Speaking of words that matter, consider the DJ. When I first started dancing, our local scene used to announce who would be DJing that week, which meant sometimes the dance was packed and sometimes it was sparse because some people were playing for dancers and others were playing music for the social club that Chris Crawford described. Rather than analyzing why some DJ’s made you pack 3 extra shirts and left your worn out at the end of the night, a decision was made to stop announcing the DJ’s so everyone got the same attendance and there were no longer any crowd favorites. Now anyone with a laptop is able to come down and play music they want to share. But again, words are important… there’s a difference between an LO (laptop owner) with a collection of songs and a DJ, who has a skill at shaping the rhythm of a dance and taking dancers on a musical journey. Again, the music snob says, if you’re comfortable with LO’s and you want a mix of easily accessible music that crosses genres, why not just put an iPod on shuffle?
Similarly, just because a local marketing group is promoting a musician “as swing or blues you can dance to for free” doesn’t mean you should necessarily call it a swing dance or a lindy bomb. It’s been said that some people will dance to the rhythm of their windshield wipers on the car; which is the perfect definition of straight time… 1-2-1-2-1-2-1-2. There’s nothing swinging about that, even though you could do swingouts to it. It seems to me that those who call themselves dance instructors have an obligation to teach an understanding of straight time vs. swing time because it’s the easiest thing in the world to look at a dancer’s posture and say he’s moving in straight time and he’s swinging!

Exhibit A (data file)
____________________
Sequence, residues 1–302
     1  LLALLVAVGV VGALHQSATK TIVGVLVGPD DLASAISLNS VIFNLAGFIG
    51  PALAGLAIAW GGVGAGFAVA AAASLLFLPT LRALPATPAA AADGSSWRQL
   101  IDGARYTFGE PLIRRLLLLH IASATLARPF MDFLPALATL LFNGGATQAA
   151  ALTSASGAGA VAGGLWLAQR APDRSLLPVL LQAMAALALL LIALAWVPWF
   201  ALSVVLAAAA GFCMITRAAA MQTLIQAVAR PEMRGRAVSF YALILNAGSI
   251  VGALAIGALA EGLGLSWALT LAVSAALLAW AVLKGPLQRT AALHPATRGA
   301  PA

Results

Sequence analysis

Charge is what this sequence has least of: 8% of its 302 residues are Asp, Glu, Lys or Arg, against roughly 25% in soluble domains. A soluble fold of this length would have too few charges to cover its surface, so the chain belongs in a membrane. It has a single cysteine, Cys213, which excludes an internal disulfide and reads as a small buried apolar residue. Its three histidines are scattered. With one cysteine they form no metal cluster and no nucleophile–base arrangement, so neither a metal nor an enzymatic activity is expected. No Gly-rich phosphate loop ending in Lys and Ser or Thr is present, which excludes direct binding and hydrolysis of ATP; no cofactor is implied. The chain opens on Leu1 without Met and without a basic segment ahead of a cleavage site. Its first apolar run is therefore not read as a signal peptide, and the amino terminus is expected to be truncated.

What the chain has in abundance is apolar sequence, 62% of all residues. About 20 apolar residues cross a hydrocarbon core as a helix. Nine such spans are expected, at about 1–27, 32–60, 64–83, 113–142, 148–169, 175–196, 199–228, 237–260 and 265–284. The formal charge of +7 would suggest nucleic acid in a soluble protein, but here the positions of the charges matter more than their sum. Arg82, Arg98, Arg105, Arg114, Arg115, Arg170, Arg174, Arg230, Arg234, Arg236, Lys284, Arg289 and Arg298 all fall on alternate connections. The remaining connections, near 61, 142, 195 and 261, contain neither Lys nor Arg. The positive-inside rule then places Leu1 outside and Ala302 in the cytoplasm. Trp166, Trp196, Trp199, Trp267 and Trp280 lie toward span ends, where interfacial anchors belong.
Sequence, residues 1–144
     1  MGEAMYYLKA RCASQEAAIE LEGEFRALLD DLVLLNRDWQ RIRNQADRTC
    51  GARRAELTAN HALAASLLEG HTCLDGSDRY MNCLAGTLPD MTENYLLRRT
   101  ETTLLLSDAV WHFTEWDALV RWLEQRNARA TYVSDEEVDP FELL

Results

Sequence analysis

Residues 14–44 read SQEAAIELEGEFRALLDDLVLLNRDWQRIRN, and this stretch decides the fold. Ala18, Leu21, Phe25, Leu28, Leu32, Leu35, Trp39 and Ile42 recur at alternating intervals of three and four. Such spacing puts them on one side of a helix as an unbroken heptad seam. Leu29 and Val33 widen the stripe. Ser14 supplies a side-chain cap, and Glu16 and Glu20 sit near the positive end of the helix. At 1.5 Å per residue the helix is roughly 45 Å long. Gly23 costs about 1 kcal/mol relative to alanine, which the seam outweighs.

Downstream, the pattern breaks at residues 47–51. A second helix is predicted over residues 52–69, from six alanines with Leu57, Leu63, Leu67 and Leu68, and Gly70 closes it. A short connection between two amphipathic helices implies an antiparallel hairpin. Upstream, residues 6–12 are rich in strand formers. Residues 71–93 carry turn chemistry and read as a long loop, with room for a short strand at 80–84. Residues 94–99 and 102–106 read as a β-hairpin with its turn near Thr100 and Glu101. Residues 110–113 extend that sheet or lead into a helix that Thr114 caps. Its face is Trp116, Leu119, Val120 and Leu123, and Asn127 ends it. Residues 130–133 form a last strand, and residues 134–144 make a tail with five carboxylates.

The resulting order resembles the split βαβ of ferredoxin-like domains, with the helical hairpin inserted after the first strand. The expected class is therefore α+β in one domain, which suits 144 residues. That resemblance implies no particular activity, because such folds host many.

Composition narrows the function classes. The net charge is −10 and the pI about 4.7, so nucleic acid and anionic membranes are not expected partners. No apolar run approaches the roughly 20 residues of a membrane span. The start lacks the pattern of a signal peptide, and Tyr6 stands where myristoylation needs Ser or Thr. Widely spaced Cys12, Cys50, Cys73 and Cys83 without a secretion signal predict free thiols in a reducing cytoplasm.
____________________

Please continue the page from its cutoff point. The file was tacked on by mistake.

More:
That's not to say I'm not in favor of live music; in fact, I'm frequently asked why I'm so vocal about encouraging road trips and supporting professional musicians who play swing music. The truth is, Lady Gaga or Timbaland aren't going to go broke if their music isn't played at one or two swing dances a month. However, getting 4 or 5 friends out to see Solomon Douglas, Glenn Crytzer, the Blue Vipers of Brooklyn or Acme Swing Manufacturing might mean money for a tank of gas that get's them to their next show... and makes them more likely to come back again.
Anyway, that’s how this music snob sees it. Knowing the terminology and names of things are vital to creating a culture that balances the enthusiasm of the new dancer who wants to learn aerials and dance big with the subtlety of the experienced dancer who has a greater appreciation for music that is more traditional and contextually relevant. Both elements are vital for a scene to survive and grow-- but without the ability to speak a shared musical language with the correct words, there’s no way to bridge that gap and you’re left with only, “this music sucks.”
In truth, if you’re going to use incorrect terminology you’re probably better off just calling a dance a kumquat because there’s no frustrating confusion of terms and it’s a darned amusing word all by itself.